Gzip compression is a technique used to reduce the size of HTTP responses by compressing them before sending them over the network. Learn to enable HTTP response gzip compression in a Spring Boot application.
By default, the Gzip compression is disabled in Spring Boot.
1. Enable and Configure Gzip Compression in Spring Boot
The following response compression-related Spring Boot properties are applicable to Jetty, Tomcat, and Undertow. Define these properties in the application.properties file.
server.compression.enabled=true server.compression.mime-types=application/json,application/xml,text/html,text/xml,text/plain server.compression.min-response-size=1024 server.compression.excluded-user-agents=MSIE 6.0,UCBrowser
A similar configuration can be written in YAML as follows:
server: compression: enabled: true mime-types: application/json,application/xml,text/html,text/xml,text/plain min-response-size: 1024 excluded-user-agents: MSIE 6.0,UCBrowser
- server.compression.enabled enables or disables the compression.
- server.compression.min-response-size – configures the minimum number of bytes in response for compression to be performed. The default size is
- server.compression.mime-types – enables compression only if their content type is one of the given mime-types.
- server.compression.excluded-user-agents – specifies a comma-separated list of user-agent patterns for which Gzip compression should be excluded.
2. Wildcards in Mime-types are not Supported
The compression in Spring Boot relies on support provided by underlying embedded servers. Unfortunately, these servers do not provide any consistent wildcard support in mime-type.
Jetty performs strict string comparisons when determining whether to compress a response based on MIME type. Wildcards such as
* are not supported directly for matching multiple MIME types. [Link]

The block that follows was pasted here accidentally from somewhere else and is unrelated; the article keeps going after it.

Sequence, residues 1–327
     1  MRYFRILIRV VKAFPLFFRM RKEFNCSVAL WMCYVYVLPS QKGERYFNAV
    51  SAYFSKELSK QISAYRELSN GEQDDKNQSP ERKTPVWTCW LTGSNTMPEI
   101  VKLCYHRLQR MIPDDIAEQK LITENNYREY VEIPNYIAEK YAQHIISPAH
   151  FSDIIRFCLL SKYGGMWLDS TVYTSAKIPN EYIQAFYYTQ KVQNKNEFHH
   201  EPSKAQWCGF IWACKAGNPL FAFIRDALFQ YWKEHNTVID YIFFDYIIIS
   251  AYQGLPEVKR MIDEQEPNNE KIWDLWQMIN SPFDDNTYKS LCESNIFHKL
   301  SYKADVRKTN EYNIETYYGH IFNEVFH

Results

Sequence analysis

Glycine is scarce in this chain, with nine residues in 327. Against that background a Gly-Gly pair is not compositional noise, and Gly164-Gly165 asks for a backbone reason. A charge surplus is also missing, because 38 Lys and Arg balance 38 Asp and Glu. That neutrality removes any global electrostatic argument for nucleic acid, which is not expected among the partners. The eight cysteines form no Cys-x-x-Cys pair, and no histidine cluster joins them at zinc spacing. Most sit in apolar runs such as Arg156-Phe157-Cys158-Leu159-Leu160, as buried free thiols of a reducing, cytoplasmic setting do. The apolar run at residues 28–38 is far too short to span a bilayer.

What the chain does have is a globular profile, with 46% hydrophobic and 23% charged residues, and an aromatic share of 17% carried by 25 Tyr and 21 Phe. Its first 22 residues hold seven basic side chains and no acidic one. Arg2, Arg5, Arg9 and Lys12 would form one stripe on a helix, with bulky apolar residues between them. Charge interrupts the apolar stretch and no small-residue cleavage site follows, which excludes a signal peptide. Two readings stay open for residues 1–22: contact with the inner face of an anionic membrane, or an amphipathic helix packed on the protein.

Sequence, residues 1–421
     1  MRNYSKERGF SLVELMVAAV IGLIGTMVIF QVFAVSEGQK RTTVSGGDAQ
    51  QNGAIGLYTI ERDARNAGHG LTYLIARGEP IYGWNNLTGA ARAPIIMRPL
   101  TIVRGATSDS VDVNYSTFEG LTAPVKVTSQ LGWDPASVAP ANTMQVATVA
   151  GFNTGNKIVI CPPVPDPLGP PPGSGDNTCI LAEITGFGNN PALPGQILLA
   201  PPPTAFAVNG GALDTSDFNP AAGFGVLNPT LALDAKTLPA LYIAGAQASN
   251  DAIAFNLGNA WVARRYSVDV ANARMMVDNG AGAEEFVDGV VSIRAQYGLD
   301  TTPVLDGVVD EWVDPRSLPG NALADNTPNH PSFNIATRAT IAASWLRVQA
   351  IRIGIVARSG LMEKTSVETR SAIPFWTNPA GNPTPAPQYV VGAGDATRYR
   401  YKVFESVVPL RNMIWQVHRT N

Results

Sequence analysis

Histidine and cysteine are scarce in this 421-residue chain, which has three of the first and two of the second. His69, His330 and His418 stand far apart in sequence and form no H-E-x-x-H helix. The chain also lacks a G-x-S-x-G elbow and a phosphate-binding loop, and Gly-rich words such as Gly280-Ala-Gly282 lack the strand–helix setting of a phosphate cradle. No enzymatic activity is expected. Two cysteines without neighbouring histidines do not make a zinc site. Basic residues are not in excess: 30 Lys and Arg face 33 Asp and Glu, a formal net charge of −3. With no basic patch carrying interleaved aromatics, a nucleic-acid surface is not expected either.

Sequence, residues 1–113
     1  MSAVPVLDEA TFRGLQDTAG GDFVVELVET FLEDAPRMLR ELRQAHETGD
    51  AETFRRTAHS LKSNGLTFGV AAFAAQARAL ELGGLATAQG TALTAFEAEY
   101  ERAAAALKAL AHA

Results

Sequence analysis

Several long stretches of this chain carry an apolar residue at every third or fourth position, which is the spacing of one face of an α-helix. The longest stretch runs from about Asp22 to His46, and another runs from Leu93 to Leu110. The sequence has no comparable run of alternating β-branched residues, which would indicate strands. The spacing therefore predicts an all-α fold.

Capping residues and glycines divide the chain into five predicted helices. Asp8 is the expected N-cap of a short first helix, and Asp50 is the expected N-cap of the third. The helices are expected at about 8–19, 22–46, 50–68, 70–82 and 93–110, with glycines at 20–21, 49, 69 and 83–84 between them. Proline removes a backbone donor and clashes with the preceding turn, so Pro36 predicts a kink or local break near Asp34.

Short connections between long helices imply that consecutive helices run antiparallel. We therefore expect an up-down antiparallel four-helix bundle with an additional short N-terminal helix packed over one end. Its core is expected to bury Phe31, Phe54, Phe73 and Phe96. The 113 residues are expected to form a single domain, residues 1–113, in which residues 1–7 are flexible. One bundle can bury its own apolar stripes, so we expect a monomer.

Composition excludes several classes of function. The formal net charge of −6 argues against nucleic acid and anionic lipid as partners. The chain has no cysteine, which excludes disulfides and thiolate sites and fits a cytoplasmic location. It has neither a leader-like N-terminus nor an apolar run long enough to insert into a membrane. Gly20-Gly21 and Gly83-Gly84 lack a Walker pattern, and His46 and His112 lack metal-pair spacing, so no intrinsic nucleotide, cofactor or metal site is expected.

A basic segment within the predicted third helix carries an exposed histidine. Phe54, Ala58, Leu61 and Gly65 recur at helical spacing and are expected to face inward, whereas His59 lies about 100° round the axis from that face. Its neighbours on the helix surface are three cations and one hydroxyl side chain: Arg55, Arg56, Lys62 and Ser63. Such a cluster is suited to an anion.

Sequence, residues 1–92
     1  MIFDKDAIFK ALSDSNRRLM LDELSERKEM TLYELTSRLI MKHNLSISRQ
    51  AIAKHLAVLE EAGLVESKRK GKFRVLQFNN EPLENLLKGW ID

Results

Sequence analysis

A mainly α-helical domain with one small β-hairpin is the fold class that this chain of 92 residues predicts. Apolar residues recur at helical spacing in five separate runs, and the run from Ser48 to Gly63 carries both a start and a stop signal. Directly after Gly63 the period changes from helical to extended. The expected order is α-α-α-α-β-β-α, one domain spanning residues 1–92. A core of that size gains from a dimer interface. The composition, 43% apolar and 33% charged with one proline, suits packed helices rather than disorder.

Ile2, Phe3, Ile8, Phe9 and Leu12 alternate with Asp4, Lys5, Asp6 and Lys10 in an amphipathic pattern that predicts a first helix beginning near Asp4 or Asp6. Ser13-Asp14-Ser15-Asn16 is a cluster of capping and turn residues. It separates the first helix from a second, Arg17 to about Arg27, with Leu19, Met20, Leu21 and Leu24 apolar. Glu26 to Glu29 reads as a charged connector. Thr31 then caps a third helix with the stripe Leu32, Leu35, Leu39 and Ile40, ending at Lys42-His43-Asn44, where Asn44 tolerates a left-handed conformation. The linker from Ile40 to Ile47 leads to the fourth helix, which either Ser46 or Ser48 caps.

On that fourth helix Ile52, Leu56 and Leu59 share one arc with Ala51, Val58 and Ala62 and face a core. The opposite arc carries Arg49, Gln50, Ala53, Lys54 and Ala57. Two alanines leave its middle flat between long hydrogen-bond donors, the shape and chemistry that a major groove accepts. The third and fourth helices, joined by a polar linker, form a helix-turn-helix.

However, Jetty provides an alternative mechanism for configuring a whitelist or blacklist of MIME types explicitly. This allows you to specify which MIME types should or should not be compressed.
For example, you might configure a whitelist to explicitly list the MIME types that should be compressed:
While Tatomc doesn’t support wildcards in the traditional sense, you can configure MIME types in a way that covers a range of similar types. [Link]
So configuring ‘application/vnd.company‘ would work for both ‘application/vnd.company.v3+json‘ and ‘application/vnd.company.v2+xml‘.
3. Testing the Gzip Compression
Once the compression is enabled and configured, the Spring Boot application will automatically compress responses that match the configured MIME types and are larger than the specified minimum response size.
We can use tools like cURL, Postman, or browser developer tools to inspect the HTTP headers of the responses to confirm that Gzip compression is applied.
curl -X GET http://localhost:8080/api/some-endpoint -H "Accept: application/json" -I
Look for the
Content-Encoding: gzip header in the response, indicating that Gzip compression was applied.
Enabling Gzip compression is a simple and effective way to optimize the performance of your Spring Boot REST API, especially when dealing with large JSON responses or other text-based content.
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